• The duty’s impact will be seen on China’s Indian customers too. These customers are largely private power developers such as Reliance Power , Lanco Infratech and Adani Power. Any rise in the cost of the equipment may lead to higher power tariffs.

  • On the contrary, Chinese and Korean manufacturers have already begun setting shops in India. This will help them avert the impact of duty to a certain extent.


We expect that imposition of import duty may make import (largely Chinese) costlier by at least 5-6%. This difference excludes foreign exchange impact. While we welcome this move, it has come in to implementation too late. Enough damage has been done in the 11th plan and 12th plans where domestic companies lost out in a big way to foreign players. In addition, the demand for power equipments will continue to be bogged down by other existing issues like coal linkages, land acquisition and environmental clearances. Therefore, in our view, duty has been imposed too late and perhaps, cannot do much to push the domestic equipment industry.

Equitymaster requests your view! Post a comment on "Do capital goods firms have a bleak future?". Click here!


More Views on News

What Triggered the Over 10% Surge in Greaves Cotton Today? (Views On News)

Jun 17, 2021

Last week, the stock of Greaves Cotton has soared 23%. What's fueling the rally?

BHEL Shares Tumble 18% on Disappointing March Quarter Results (Views On News)

Jun 14, 2021

BHEL's net loss narrowed to Rs 10.4 bn in the March 2021 quarter.

Videocon Hits Upper Circuit After NCLT Clears Vedanta Group's Bid (Views On News)

Jun 9, 2021

The stock has fallen over 90% in the last five years. Will it recover?

Mazagon Dock Shipbuilders IPO: Should You Apply? (IPO)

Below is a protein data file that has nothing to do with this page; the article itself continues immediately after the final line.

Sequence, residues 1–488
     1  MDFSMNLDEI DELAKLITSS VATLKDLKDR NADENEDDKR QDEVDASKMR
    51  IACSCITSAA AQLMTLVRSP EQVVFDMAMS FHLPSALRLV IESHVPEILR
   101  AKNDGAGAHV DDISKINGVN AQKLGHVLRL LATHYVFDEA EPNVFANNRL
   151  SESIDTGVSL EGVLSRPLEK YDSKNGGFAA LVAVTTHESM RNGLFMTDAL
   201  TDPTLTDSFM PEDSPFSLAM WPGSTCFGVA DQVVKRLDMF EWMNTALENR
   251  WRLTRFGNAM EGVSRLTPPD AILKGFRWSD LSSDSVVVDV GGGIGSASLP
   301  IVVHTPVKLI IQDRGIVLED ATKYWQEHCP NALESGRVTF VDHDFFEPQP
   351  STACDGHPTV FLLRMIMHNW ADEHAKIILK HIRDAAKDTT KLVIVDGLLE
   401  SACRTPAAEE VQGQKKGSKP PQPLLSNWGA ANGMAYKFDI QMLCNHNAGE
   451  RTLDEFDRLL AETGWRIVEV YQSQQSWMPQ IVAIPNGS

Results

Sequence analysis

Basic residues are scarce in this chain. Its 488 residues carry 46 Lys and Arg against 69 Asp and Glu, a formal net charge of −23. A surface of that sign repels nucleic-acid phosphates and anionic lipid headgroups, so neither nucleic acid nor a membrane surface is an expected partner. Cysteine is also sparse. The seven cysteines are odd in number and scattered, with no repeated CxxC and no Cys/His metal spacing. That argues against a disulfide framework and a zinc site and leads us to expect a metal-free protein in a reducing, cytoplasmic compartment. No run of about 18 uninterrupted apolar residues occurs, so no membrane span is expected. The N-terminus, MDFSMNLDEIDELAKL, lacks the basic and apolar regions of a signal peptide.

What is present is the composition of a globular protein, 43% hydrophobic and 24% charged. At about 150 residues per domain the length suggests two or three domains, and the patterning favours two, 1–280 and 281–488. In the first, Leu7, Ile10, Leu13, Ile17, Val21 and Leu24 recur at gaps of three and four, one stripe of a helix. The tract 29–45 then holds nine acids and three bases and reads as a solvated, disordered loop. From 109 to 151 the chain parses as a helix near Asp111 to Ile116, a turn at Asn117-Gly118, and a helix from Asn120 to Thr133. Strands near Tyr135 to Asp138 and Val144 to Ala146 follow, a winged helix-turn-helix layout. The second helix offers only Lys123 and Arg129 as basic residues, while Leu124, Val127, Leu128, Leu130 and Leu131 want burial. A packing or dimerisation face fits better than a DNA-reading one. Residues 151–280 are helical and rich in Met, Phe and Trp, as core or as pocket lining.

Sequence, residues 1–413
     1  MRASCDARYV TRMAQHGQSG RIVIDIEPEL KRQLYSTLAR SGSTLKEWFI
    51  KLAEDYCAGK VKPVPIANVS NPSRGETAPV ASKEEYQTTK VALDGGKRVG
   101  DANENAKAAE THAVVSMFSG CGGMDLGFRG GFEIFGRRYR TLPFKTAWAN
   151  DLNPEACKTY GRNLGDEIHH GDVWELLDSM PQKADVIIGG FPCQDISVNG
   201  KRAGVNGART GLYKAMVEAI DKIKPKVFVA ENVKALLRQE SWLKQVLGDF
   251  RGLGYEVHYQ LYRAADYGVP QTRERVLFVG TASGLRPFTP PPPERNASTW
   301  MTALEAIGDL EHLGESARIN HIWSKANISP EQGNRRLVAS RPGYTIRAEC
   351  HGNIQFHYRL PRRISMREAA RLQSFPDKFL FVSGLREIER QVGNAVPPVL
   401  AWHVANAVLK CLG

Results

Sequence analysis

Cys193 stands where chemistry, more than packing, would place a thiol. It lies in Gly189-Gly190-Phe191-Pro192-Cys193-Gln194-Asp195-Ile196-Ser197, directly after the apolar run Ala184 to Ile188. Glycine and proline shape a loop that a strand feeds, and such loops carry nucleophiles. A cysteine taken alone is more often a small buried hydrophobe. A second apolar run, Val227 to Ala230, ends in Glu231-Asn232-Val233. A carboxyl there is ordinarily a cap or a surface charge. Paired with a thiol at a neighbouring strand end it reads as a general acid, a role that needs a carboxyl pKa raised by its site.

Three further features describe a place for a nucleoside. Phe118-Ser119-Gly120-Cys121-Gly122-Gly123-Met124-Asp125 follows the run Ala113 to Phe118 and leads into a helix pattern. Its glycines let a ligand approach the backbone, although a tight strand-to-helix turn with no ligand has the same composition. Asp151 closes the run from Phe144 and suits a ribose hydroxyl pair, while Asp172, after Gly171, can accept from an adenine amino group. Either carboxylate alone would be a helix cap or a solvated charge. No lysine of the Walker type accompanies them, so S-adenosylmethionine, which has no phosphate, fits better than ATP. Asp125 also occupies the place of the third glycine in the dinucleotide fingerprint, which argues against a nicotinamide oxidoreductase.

Sep 29, 2020

Should you bet on this public sector defence shipbuilder?

Welspun Corp Hits 52-Week High After Securing Orders Worth Rs 17.3 Bn (Views On News)

Jun 9, 2021

Welspun Corp share price touched a 52-week high of Rs 165 per share after the company received multiple orders.

More Views on News

Most Popular

Hotel Stocks Will Reward Investors (Fast Profits Daily)

Jun 8, 2021

This is why I'm bullish on the hotel and hospitality sector.

My 'Unlock' Investments (Fast Profits Daily)

Jun 11, 2021

The best unlock investments you can make in the market.

The Most Visible Sign of India's Revival is on Two Wheels (Profit Hunter)

Jun 9, 2021

Investing in the best stocks could result in wealth compounding on a massive scale.

How I Discovered a 400-Year-Old Open Secret to Extreme Wealth (Profit Hunter)

Jun 11, 2021

Charlie Munger's open secret about investing success.


India's #1 Trader
Reveals His Secrets

Secret To Increasing Your Trading Profits Today
Get this Special Report,
The Secret to Increasing Your Trading Profits Today, Now!
We will never sell or rent your email id.
Please read our Terms


Jun 18, 2021 (Close)